After Iraqi Shiite cleric Moqtada-al Sadr announced that he was ending his political life, chaos sparked in Iraq in which at least 20 people died and hundreds more were injured.
This Monday, Iraqi Shiite cleric Moqtada Sadr issued a statement on Twitter and surprised his supporters by announcing his resignation from politics. The move came following months of protests by supporters backing his call for new elections and for the dissolution of the Iraqi parliament, which has seen 10 months of deadlock. This was in fact the longest time period in which Iraq has gone without having a government.
“I hereby announce my final withdrawal,” al-Sadr said in his statement Monday, adding also that “all the institutions” linked to his Sadrist Movement will be closed, except the mausoleum of his father, assassinated in 1999, and other heritage facilities.
The unexpected news was enough to fuel the flames of riot and protest the supporters of Moqtada Sadr in Bagdad. After their attack in their thousands to the to the Government Palace in the Green Zone of Baghdad, the Iraqi security forces intervened to evacuate the Zone, a move that led to violent clash between the two sides, leaving dozens killed and hundreds wounded.
There have also been reports of explosions in the Green Zone and rockets falling near the Government Palace. An Iraqi security official announced on Monday that Iraqi forces have declared a state of emergency in Baghdad.
Some news channels also reported that two Iraqi soldiers were killed during the clashes. Following the unrest, the Iraqi Prime Minister Mustafa Al-Kazemi suspended the cabinet until further notice. He also asked Sadr, the leader of the Sadr movement, to call his supporters to end the riot and leave the governmental buildings immediately. Al-Kazemi’s office also issued a statement on this Tuesday morning, announcing the closure of all Iraqi provinces until further notice.
So far reactions to the political chaos in Iraq
In reaction to the Sadrist occupying the Green Zone, the United Nations (U.N.) Assistance Mission in Iraq urged protesters to leave the Green Zone and vacate government buildings. “Today’s developments are an extremely dangerous escalation,” the U.N. mission tweeted, further noting that Iraq’s “state institutions must operate unimpeded in service of the Iraqi people, under all circumstances and at all times. Respect for constitutional order will now prove vital.”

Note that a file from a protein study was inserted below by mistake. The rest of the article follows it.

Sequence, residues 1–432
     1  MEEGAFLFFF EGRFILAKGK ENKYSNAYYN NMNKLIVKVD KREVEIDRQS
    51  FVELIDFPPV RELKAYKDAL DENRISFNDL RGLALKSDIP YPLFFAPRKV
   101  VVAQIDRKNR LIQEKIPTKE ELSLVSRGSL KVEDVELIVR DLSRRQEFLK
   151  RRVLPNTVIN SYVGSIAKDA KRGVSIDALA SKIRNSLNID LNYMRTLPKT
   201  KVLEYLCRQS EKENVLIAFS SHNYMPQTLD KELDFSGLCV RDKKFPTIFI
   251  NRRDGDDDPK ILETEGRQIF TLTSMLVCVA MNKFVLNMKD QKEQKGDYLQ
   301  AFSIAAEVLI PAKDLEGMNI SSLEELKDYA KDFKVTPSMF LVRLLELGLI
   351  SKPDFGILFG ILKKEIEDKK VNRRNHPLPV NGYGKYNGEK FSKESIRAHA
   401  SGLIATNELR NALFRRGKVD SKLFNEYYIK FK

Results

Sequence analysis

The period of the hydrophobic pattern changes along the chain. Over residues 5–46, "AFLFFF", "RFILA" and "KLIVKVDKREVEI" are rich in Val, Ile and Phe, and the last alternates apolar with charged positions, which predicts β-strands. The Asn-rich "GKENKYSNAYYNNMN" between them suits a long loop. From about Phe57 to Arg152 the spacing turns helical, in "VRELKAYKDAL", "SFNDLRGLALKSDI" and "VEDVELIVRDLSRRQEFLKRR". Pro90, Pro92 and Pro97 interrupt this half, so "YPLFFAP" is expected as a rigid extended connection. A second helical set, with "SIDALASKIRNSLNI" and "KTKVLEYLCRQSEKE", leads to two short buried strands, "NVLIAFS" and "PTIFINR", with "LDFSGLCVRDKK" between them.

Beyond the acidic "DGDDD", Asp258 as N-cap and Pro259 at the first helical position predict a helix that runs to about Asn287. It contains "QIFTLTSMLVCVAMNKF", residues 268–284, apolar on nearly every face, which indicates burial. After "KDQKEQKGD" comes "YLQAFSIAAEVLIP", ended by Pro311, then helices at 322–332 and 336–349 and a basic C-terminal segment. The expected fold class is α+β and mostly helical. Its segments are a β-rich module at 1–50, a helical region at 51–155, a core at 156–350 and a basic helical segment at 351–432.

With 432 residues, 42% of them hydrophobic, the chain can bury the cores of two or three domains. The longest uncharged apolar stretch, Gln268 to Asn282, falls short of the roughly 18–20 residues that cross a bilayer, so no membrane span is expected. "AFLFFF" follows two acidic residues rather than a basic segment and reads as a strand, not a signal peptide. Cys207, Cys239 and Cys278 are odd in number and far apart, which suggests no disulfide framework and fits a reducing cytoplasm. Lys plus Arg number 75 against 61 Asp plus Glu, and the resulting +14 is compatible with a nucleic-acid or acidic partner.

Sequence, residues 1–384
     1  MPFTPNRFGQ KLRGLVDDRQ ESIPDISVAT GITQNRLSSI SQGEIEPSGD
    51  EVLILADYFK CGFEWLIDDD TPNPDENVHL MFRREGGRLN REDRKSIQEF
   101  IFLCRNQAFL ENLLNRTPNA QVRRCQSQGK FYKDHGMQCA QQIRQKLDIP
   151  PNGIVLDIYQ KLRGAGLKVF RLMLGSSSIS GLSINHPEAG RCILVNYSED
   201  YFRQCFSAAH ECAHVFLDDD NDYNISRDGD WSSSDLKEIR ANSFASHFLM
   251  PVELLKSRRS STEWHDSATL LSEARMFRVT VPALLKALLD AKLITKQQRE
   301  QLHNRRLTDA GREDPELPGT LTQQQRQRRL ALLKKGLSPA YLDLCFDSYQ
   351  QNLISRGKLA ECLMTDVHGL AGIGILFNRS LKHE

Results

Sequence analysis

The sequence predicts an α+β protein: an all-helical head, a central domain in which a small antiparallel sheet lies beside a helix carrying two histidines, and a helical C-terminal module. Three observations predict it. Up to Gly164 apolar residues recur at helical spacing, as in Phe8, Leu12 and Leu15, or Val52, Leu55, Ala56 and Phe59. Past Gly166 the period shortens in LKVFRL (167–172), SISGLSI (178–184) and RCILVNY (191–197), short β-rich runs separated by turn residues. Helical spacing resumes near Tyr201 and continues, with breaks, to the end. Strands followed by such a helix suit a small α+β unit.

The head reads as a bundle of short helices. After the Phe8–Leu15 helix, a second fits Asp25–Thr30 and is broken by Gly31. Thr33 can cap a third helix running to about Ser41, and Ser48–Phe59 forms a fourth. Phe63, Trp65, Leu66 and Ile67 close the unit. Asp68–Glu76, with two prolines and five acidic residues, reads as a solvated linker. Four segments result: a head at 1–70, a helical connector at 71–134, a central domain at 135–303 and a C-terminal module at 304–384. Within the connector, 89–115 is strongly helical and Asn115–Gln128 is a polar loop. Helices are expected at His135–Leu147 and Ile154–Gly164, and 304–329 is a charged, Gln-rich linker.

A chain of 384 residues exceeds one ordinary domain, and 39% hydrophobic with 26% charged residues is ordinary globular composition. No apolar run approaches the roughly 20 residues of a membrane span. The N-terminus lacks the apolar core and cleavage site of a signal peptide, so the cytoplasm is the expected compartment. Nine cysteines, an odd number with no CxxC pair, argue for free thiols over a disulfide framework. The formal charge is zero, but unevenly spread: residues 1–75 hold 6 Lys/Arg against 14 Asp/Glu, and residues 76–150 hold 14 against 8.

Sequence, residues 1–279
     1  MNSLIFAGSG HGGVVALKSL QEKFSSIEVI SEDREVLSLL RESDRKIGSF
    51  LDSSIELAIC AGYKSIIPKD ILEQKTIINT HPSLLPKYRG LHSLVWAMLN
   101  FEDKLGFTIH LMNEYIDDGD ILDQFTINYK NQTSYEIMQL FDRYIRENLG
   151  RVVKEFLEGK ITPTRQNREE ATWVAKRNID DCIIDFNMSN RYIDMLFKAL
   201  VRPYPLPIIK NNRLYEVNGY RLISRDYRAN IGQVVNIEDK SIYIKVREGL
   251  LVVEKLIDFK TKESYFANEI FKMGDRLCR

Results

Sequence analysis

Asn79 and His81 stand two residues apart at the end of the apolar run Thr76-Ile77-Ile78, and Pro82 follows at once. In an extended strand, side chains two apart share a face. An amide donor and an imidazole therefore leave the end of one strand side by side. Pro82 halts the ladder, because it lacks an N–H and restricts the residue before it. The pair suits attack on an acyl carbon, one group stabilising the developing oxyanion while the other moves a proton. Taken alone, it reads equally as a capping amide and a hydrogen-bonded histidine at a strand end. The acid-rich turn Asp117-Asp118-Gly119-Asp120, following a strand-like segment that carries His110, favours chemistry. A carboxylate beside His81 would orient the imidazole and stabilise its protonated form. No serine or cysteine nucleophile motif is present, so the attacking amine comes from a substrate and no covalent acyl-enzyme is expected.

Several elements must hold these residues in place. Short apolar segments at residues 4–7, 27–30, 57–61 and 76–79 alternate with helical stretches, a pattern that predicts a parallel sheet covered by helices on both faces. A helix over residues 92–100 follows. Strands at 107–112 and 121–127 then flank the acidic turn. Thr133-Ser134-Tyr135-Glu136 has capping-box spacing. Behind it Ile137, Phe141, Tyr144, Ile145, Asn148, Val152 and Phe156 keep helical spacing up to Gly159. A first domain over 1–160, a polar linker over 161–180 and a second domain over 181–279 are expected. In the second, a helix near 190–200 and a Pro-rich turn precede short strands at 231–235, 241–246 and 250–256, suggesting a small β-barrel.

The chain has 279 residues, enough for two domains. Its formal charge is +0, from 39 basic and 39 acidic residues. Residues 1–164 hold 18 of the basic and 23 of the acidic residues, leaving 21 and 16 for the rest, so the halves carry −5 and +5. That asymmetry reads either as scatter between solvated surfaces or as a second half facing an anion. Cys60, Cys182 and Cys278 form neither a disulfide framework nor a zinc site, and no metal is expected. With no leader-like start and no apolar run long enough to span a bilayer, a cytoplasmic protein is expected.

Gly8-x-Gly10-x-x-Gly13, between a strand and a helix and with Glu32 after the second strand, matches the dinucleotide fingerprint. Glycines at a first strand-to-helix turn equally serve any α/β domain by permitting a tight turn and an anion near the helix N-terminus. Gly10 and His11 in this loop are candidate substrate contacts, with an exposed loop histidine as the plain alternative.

US Ambassador to Iraq Alina Romanowski also reacted to the violence in Iraq and said the unrest is disturbing and urged all parties to “remain peaceful and refrain from acts that could lead to a cycle of violence,” she said in a statement.
Romanowski also called on demonstrators to “respect the institutions and property of the Iraqi government, which belong to and serve the Iraqi people and should be allowed to function.”
What is Sadr looking for?
For weeks, Sadr’s supporters have been calling for parliament to be dissolved and for a new election to be held. But on this Saturday, the cleric said it was “more important” that “all parties and figures who have been part of the political process since the 2003 US-led invasion no longer participate and all withdraw from the government.”
In the eyes of political experts, however, Sadr’s intentions seem to be contrary to his latest remarks that he wants to end his political activities.
Albert Wolf, for example, who is a research associate at Johns Hopkins University, says al-Sadr’s claim of quitting politics is a bid by the Shia politician to gain even more political leverage. “This is Sadr being Sadr. I believe he is jockeying for leverage in this current political crisis,” Wolf contends.